There are days when the flashbacks still haunt me. My adrenaline kicks and my hair stand on end. I started this post thinking that I would share the things that haunt me. I started typing about how I got the scar on my ankle, or how my vest got that hole in it’s side.
Or the four shots, the screams and breaking glass. That time that I had to draw my knife fully intending to end the attacker’s life. Funny how I never dream of these things. I’m not even bothered by the scar the machete left on my middle finger any more.
I started this post thinking that the times that I fought were the ones that scarred my heart and mind.
It might be the times that least bothers me. I just realized that the times that hurt me most are the times that I could not tell anyone in a way that they would understand. The things that hurt me most seem to be the ordinary things. How can one tell someone else about the time father got angry? They would probably say “but that happens to everyone”. “Why is that so bad?”
Most would never understand.
How could they? First time I remembered my father getting angry, I was one year old. He hit my mother while she held me in her arms. (For those who know me personally, maybe now you’ll understand why I am so aggressively protective when I’m with a loved one). So every time my father gets angry, deep down I’m winding up to hit back hard.
Or my mother, who so desperately clings to control that she ended up controlling me like a puppet, her strings cutting into my emotional limbs. I know she doesn’t mean to. I know she loves me dearly. I can’t deny the damage it does though.
M, maybe now you’ll understand why I wore my gun to church. You were the most important person in my world, and I would die before the dark road home could hurt you.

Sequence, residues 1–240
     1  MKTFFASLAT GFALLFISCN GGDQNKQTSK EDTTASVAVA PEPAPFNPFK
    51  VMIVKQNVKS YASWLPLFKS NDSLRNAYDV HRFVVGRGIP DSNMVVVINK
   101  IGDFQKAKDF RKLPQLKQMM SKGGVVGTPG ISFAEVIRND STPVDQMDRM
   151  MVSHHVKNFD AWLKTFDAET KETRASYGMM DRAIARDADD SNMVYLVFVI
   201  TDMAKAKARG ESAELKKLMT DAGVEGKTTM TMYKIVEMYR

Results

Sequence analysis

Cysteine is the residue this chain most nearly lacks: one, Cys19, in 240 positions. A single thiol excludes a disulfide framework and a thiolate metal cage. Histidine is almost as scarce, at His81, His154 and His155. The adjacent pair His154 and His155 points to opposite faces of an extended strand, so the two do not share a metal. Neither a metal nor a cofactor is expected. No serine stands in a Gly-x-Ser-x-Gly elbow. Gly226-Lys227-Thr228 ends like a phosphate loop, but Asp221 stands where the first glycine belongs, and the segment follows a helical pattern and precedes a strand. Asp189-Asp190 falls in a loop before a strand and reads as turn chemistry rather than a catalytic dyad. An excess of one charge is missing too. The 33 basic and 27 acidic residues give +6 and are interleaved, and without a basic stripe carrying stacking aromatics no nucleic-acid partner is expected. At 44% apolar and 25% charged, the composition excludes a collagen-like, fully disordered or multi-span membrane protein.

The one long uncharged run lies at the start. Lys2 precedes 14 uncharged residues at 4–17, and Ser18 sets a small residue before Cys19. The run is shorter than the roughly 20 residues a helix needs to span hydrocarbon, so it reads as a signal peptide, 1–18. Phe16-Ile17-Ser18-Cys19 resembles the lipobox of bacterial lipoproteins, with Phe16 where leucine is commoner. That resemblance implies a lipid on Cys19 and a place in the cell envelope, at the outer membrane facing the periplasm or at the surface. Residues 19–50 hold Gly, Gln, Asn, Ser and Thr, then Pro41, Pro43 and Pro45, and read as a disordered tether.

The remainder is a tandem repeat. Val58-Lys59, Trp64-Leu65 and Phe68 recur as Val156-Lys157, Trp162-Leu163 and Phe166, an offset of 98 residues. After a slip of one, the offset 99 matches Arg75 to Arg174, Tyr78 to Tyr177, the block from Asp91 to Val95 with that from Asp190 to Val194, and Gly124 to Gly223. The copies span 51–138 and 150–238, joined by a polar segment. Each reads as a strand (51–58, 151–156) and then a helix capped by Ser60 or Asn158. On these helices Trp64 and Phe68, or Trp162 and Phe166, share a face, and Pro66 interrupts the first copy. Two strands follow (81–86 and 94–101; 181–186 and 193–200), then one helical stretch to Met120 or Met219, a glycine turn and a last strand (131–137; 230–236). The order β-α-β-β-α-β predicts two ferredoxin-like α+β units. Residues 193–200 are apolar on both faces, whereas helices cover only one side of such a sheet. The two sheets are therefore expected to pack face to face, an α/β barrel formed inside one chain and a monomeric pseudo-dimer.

Some may understand the scars when that same person told me that “my trou maatjie” [loosely translated to English, “my marriage partner”] was somewhere out there, and that she’s sure I’ll find her. Eight years I loved her, even when they moved to another country with no hope of her return. She did return, only then told me that.
Scars of my past. Recently I finally found my way.
I read so many books warning me to only rely on myself to heal. They were all right, we can only reverse our personal baggage by ourselves. The thing is, after I did, I still had so much pain. I still live in that house, enduring barrages of extremes, still enduring the odd skirmish which ends up with me in the street wearing only sandals, armor and a boxer, trying to explain to a policeman what happened. I still don’t sleep well there. (Is it any wonder?)
“What changed?” You might ask.
My Nightingale… A Million feelings, a thousand thoughts, a hundred memories, all for one person. In September last year I finally found a place to feel at home. I helped her move, and at three in the morning we finished unpacking and went to bed.
I haven’t slept that well in years.
The next morning, waking up to her brown eyes looking at me. We all need rest from time to time. Finally I found a place where I can be at home. I never expected her to fix me, yet her love made all the difference. With her I feel safe. She even understands why I carry my weapons. Its made all the difference, because now I feel that I can face everything. The melancholy that I used to know only a memory now.
The moral of the story? I’m not entirely sure. You see, sometimes things make all the difference with no reason why. Sometimes I had to invent metaphors to help people understand the things I’ve been through. Maybe the moral is that if something affects you, it cannot be considered as “small” or insignificant.
Maybe it is about God who has a plan for us all.
I hope that you, dear reader, finds your own meaning to the story of my life. How even the terrible can end up being funny, how the small can hurt and how distance could not change a dream. How one choice affected four lives, and how God used love to fix it all.